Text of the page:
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post #13 of 24 (permalink) Old Apr 24th, 19, 5:50 AM
 
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Re: Fender Dent Repair....A little guidance

...still trying to get my head around those sketches.
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post #14 of 24 (permalink) Old Apr 24th, 19, 8:29 AM Thread Starter
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Drew
 
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Re: Fender Dent Repair....A little guidance

This is going to be a slow process for me so if I don't get back into this thread over a few days, do not consider that disregarding any help. Working on this fender is going to take patience and sometimes I have a problem putting that into projects.
My first step is hanging the fender - which I have not done before. I've pulled them off, just haven't installed. Right now it's sitting in place but not bolted anywhere.
Once mounted and gapped to my liking, check for the need of a tension adjust tool. I'm thinking it'll need pushed back to length, but I don't know that.
Grind a chisel to shape and work on the wheel well lip.
Get a template made from the drivers' side.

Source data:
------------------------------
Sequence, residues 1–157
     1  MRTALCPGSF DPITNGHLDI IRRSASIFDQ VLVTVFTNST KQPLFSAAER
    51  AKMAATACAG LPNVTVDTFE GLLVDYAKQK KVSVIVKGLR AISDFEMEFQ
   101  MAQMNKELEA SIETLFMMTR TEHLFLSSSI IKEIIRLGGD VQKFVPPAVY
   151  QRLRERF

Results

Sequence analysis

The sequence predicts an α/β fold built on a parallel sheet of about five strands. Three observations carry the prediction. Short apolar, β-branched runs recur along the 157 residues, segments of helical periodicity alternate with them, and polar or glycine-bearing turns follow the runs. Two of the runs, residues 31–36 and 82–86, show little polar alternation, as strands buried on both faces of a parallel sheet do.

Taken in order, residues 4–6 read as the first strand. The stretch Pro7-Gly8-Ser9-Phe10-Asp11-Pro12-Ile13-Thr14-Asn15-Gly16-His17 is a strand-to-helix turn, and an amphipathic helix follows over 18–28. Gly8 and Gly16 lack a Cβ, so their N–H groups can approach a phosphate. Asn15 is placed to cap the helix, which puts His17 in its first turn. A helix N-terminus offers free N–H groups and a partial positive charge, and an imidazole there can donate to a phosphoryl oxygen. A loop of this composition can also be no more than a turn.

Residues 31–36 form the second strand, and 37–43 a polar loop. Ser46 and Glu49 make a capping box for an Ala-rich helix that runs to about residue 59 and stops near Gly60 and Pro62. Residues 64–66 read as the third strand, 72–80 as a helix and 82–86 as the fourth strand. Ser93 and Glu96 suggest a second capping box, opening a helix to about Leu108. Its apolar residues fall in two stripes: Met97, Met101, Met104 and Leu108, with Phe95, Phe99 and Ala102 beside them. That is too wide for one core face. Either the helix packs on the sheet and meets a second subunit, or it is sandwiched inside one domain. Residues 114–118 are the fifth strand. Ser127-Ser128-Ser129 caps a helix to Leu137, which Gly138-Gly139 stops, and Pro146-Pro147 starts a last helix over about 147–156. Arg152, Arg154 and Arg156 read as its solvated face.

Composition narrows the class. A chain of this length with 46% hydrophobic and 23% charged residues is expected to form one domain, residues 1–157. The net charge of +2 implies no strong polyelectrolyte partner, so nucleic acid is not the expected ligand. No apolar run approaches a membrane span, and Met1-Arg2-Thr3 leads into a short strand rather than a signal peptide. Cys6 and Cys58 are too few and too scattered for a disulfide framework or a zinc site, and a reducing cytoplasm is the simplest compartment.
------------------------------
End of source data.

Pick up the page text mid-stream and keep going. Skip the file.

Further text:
Order a shrinking disc.
Implement patience....


Thanks guys.


Quote:
Originally Posted by PostHaste View Post
...still trying to get my head around those sketches.
The high crown/low crown has got me a bit confused. Upper fender/lower fender?
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post #15 of 24 (permalink) Old Apr 24th, 19, 4:09 PM
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Re: Fender Dent Repair....A little guidance

Scan_Pic0006-1 by eric2406, on Flickr

Cross section of a panel.
Line AA is high crown
Line BB is crown
Point C is point of impact.
Scan_Pic0005 by eric2406, on Flickr


High crown Line AA

IMG_1215 by eric2406, on Flickr

Low crown line BB

IMG_1213 by eric2406, on Flickr


collision forces on low crown line BB
IMG_1220 by eric2406, on Flickr

collision forces on high crown line AA
IMG_1226 by eric2406, on Flickr


Nothing to do with upper or lower its all about the radius, flat and curved.


truck fender by eric2406, on Flickr

Currently working on How to videos and replacement sheetmetal panels

1970 chevelle getting Sliced and Diced Anything But STOCK
1970 chevelle SS455 not a typo its a BUICK BABY
1949 and 1972 chevy trucks
Pictures of my work